Many companies convert and sell tape products. Far fewer are interested in becoming a real partner. While the term “partner” is often overused in today’s business lingo, a reliable and knowledgeable supplier is a very valuable resource. Building a partnership takes time and effort, but the payoff is worth it with better service and the knowledge that you’re using the best tapes for your products or projects.

What tapes?

Tapes have become indispensable in construction, transportation, and many other industries. Adhesive tapes are used to assemble panels, secure cladding and join other components. Glazing tape holds windows together while muntin mounting tapes allow attachment of trim parts that give them that classic architectural appeal. Tapes aren’t an afterthought; they’re an essential component in many construction and assembly tasks.

Does your tape supplier have the knowledge to be a real partner?

The best tape suppliers take the time to understand their customers’ particular demands of their business and industry. They speak the language. They’re committed to their customer’s success, and that means selling the tape products that work best, not what’s in inventory or hard to move.

A deeper knowledge of what you’re doing helps a supplier recommend alternative products that might perform better while saving you time and money. A good way to gauge a supplier’s expertise and level of commitment is through the questions they ask. Here, separated out under four headings, are some to look for:

About the operating environment

  • What temperature range is needed? (Consider both the upper and lower limits as well as application temperature.)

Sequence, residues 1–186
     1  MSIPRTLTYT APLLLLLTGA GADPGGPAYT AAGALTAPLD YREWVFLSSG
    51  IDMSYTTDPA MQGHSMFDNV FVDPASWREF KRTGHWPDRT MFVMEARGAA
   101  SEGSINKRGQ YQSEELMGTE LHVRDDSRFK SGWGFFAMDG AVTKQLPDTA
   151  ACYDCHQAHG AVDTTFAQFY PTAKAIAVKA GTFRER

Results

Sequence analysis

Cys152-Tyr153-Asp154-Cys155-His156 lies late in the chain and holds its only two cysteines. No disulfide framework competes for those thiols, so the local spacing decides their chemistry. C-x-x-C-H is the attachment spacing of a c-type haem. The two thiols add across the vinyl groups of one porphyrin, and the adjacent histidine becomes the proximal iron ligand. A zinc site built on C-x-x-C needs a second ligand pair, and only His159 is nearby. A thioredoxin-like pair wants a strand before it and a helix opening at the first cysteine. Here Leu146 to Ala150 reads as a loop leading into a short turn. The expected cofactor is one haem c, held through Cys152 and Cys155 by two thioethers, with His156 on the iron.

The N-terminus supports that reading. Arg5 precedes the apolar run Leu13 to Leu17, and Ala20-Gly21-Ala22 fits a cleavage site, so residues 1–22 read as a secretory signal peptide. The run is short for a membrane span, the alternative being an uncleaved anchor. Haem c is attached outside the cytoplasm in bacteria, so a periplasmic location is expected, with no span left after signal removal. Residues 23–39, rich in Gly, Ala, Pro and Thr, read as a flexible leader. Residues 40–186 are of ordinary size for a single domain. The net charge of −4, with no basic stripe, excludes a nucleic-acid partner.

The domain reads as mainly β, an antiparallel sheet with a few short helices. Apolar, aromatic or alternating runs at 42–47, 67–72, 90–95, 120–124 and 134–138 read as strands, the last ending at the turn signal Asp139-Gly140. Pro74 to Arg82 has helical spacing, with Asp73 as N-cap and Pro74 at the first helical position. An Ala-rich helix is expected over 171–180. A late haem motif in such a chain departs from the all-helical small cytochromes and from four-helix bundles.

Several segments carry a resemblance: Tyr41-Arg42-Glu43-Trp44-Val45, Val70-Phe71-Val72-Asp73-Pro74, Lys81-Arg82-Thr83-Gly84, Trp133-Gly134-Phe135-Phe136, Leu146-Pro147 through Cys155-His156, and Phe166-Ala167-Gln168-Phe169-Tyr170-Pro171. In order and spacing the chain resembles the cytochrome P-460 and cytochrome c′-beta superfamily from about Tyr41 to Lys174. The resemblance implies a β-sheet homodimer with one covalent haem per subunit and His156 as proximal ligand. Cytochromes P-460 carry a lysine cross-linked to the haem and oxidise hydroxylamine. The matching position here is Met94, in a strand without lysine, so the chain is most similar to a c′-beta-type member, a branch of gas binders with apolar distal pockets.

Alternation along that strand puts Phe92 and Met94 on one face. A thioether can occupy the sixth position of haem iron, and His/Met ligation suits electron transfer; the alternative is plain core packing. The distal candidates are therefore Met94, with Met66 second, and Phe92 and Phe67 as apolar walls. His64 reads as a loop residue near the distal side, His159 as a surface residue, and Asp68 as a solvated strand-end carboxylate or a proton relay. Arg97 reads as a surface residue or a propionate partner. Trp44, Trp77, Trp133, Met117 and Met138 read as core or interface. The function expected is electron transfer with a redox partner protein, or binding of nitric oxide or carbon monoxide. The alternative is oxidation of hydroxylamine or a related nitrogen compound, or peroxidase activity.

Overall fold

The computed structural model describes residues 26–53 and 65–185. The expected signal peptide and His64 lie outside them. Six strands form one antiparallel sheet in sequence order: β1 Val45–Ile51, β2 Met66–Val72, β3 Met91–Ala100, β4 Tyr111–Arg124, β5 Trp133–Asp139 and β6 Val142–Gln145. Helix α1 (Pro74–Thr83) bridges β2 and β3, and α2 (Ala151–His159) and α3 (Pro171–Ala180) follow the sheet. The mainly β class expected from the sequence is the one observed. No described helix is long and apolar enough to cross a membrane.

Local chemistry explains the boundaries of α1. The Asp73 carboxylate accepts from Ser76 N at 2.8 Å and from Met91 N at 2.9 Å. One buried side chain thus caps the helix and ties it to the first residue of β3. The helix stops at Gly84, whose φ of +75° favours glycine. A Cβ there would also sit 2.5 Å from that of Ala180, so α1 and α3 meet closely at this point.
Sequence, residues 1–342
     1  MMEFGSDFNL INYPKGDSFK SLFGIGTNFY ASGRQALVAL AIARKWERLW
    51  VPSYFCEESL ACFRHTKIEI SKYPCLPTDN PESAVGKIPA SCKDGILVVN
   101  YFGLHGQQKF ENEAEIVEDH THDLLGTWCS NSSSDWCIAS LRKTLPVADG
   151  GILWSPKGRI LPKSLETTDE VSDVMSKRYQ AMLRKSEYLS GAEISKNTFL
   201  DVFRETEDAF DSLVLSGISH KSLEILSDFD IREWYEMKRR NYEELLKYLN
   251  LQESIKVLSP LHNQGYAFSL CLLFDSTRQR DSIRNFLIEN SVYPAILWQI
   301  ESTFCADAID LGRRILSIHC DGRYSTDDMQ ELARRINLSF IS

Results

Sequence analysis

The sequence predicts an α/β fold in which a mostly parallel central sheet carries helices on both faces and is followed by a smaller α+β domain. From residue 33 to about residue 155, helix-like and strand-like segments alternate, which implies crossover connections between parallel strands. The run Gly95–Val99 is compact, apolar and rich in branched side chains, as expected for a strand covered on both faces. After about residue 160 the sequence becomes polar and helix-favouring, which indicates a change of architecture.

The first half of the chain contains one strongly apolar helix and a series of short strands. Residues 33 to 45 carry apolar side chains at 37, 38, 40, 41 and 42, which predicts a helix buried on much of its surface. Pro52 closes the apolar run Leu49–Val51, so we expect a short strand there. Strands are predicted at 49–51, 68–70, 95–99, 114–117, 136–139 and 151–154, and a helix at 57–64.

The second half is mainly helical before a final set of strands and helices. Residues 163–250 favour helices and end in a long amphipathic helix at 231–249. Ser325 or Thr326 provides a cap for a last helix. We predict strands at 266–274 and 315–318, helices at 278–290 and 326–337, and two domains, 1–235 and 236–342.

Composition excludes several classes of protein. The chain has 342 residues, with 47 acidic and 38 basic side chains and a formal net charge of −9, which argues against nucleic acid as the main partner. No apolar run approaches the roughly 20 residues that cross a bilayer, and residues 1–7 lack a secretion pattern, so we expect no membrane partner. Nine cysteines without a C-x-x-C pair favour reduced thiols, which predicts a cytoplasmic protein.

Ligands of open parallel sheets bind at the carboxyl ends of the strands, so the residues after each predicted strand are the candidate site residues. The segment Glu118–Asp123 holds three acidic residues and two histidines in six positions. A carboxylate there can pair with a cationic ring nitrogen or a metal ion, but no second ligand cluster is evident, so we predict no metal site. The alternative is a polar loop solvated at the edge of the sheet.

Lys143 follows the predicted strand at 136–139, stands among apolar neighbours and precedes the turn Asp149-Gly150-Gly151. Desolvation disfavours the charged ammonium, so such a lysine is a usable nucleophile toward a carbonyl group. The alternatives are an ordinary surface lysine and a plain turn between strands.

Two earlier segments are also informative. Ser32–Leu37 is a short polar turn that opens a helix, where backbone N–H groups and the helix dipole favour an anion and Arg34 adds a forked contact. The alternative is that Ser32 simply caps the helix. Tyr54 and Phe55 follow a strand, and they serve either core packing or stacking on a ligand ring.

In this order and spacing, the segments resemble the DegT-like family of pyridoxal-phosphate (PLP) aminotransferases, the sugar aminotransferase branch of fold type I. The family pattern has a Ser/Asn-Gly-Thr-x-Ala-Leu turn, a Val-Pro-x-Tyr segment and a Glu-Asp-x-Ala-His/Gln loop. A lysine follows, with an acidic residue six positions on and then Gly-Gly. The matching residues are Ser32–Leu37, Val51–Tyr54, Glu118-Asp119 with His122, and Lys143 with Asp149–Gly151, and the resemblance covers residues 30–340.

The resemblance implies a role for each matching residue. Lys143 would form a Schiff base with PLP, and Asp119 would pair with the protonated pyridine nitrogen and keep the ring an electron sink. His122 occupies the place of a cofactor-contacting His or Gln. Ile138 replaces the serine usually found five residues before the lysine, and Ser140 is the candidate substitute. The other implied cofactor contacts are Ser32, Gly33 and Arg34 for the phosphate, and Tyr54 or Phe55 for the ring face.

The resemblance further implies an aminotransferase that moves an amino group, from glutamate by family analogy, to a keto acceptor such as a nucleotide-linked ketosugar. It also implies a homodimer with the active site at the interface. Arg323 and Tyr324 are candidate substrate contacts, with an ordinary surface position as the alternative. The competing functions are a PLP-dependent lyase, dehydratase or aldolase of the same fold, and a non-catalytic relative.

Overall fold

• Is UV resistance required? (This should always be considered when exposure to sunlight is likely.)
  • Will it be exposed to moisture rain, or other chemicals?
  • How much flexing or sway should be expected? (Buildings and vehicles all flex under load. It’s essential the tapes used in assembly can handle this movement.)

About how the tape itself

  • What materials are being bonded, protected, or sealed?
  • Is adhesive needed on one side or both?
  • Will it be applied by hand or by a dispenser?
  • What adhesive properties are needed?
    • Quick stick? Ultimate peel or cohesive strength?
    • The ability to be repositioned or removed at a later time ?
    • What is the current assembly and manufacturing process? What cost improvements can be made with labor, reduction of steps, materials workflow, etc..?

About form factor

  • Can you use rolls or do you need die cut parts?
  • What dimensions are required?
  • Would longer length spools help you to reduce changeovers? (great choice if you’re an extruder)
  • Do you need individual discrete parts or would having them kiss cut on a roll make more sense?

Regarding logistics

  • Would frequent small deliveries be more convenient than one large shipment?
  • Are there any special requirements for pack formats or protective packaging?

Good suppliers invest time in relationship-building

Asking questions to learn about their needs takes time. Some tape suppliers don’t want to invest time or effort to build a relationship; they’d rather just take the order and move on. That short-term approach is  not going to benefit the tape buyer.

Whether you’re in the construction industry or elsewhere, it pays to find suppliers who want to be partners. Partnerships are about a long-term approach to solving problems and delivering results. One way to evaluate prospective partners is by looking closely at questions they ask.